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COMMENTARY | The mayor of Rochester Hills, Michigan, on why mayors are looking to shape the future of AVs.
During last week’s 86th Annual Meeting of the U.S. Conference of Mayors, I had the privilege of moderating a panel of mayors and industry experts on the topic of “Autonomous Vehicles and the American City.” The session was extremely well attended and conversations extended well beyond the time allotted—and for good reason. The evolution and adoption of AVs will change our cities and the way we live, forever.
USCM President and Columbia, South Carolina Mayor Steve Benjamin and I are leading a bi-partisan, two-year strategic platform for the Conference that focuses on Infrastructure, Innovation and Inclusion.
Indeed, no other topic may impact these Three I’s greater than the subject of AVs. We’re excited and energized by the potential of what they can do for our communities—and for people.
Change, Change, Change
Everything we know about how we get from one place to another is changing. Twenty years ago we pleaded: “Don't get in strangers' cars and don't meet people online.” Today, we literally summon strangers through the internet for rides in their cars.
Our residents aren’t sure what to think. Recent surveys suggest that most Americans (70 percent) believe autonomous vehicles will be quite common within 15 years. But 74 percent say they don’t expect to have one and 65 percent say they wouldn’t want to walk or ride a bicycle anywhere near one. Understandably, people are concerned about recent headlines and tragic outcomes. As the National Association of City Transportation Officials stated following March’s deadly crash in Arizona, “we cannot afford for companies’ race-to-market to become a race-to-the-bottom for safety.”
Cities Need to Lead the Conversation
In Rochester Hills, we’re especially thinking about how the growth of AVs will affect public funding, employment, data and land use.
When it comes to public funding, studies suggest that AVs will reduce revenue streams from traditional sources like parking, parking tickets, traffic citations, as well as prompt changes in use of mass transit, and reduction of sales tax collections on fuel, given AV electrification. We’re asking ourselves: Will distance-based road charges replace lost fuel tax revenue, as Bloomberg Philanthropies believes could happen?
And who will get the traffic citations in the event of an accident involving AVs?!
On the subject of employment, we’ve examined the USCM’s Metro Economies Report on Technology and the Future Labor Market (June 2018). It describes the speed at which technology is advancing and how the skills of our current workforce are not keeping pace. We expect job loss to stem from the growth of AVs, especially within the ranks of professional drivers for trucking, transit/taxi, delivery vehicles, and postal service delivery. On the flip side, job growth may come from the conversion of parking structures to other uses and jobs generated through the IT needed for the potentially massive AV roll out.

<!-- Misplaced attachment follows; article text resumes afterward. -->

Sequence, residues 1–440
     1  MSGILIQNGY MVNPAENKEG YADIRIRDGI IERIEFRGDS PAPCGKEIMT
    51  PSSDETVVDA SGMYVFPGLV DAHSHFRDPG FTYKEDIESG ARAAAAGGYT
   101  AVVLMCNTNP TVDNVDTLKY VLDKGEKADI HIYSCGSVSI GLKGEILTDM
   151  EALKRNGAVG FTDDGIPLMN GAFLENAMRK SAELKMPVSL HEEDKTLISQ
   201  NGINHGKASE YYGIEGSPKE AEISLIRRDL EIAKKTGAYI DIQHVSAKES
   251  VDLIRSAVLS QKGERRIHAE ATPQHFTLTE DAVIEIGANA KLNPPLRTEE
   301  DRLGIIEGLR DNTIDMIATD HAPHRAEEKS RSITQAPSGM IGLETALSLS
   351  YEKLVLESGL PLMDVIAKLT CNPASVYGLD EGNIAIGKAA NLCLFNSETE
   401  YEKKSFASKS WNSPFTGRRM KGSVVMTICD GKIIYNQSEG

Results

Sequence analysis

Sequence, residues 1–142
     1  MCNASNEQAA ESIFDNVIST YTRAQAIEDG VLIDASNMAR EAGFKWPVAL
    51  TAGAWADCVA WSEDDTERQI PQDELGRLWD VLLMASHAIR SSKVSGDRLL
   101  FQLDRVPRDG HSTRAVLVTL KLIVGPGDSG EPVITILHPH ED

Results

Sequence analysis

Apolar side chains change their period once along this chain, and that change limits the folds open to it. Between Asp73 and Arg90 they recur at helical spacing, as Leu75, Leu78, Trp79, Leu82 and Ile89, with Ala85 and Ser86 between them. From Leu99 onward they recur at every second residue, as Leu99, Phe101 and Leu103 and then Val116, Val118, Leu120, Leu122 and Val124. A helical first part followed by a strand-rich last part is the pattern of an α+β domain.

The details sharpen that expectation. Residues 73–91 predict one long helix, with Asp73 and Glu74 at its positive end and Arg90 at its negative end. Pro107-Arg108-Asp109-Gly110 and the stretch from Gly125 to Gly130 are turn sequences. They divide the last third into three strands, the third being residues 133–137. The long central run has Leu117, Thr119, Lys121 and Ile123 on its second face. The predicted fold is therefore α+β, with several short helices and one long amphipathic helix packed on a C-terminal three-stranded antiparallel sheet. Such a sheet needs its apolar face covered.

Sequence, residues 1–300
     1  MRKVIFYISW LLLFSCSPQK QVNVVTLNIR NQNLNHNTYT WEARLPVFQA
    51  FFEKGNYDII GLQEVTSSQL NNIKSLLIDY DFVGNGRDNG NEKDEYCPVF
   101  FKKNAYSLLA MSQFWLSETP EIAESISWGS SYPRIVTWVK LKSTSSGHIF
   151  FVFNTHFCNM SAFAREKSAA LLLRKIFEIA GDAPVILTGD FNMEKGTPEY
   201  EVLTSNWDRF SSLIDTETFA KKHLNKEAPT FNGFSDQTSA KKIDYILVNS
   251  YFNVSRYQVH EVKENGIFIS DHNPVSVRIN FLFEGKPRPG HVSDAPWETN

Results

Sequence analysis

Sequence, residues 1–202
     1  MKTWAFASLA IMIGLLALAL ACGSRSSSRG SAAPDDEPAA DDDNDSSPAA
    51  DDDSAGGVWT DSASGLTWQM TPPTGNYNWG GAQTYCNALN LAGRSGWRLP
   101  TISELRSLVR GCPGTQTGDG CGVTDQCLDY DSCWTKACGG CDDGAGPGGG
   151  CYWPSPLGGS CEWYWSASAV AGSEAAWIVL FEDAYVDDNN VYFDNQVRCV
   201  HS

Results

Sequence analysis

When it comes to data, we need to know who will own the enormous data sets that come from AVs. Louisville’s partnership with Waze demonstrates how real-time data collection allows the city to monitor and analyze traffic flow and assist with operations. It’s an excellent illustration of how data from vehicles are being collected, evaluated and deployed for the public good.
Finally, in Rochester Hills we’re closely monitoring the adoption of shared AVs versus private AVs because it will affect land use and development. If the public leans toward the use of shared vehicles, it could sharply reduce demand for development beyond the reach of shared service areas. But greater acceptance of private vehicles may instead lead to significant new housing and commercial development beyond current growth limits, as Bloomberg suggests.
We’re Energized by the Potential
Everyone in my community is excited about the potential for autonomous vehicles.
In addition to providing mobility for non-drivers, older citizens, and the mentally and physically disabled, AVs will improve traffic safety. Currently, 94 percent of U.S. vehicular crashes involve human error and over 35,000 U.S. motorists lose their lives each year in vehicle crashes, according to the National Highway Traffic Safety Administration. Self-driving technology companies, like Waymo, are on a path to “building the world’s most experienced driver,” leading to fewer accidents and fatalities, smoother traffic flow and the ability to be productive during a commute. In terms of sustainability, AVs will accelerate the shift to clean energy through vehicle electrification, and as Bloomberg suggests, there will be benefits from vehicles becoming smaller and lighter, right-sizing vehicles for trips and an increase in ride-sharing.
Through it all, as we navigate, create and lead change, we must keep people at the center of this movement. Not streets, not AV technology firms, not auto companies, but people.
My personal thanks to panelists Mayor John Giles from Mesa, Arizona, Mayor Sam Liccardo from San Jose, California, Simone Brody, executive director of What Works Cities and Ellie Casson, head of local policy at Waymo for a robust, informative and fun discussion during the USCM Conference.
Bryan K. Barnett is the mayor of Rochester Hills, Michigan, and the first vice president of the U.S. Conference of Mayors.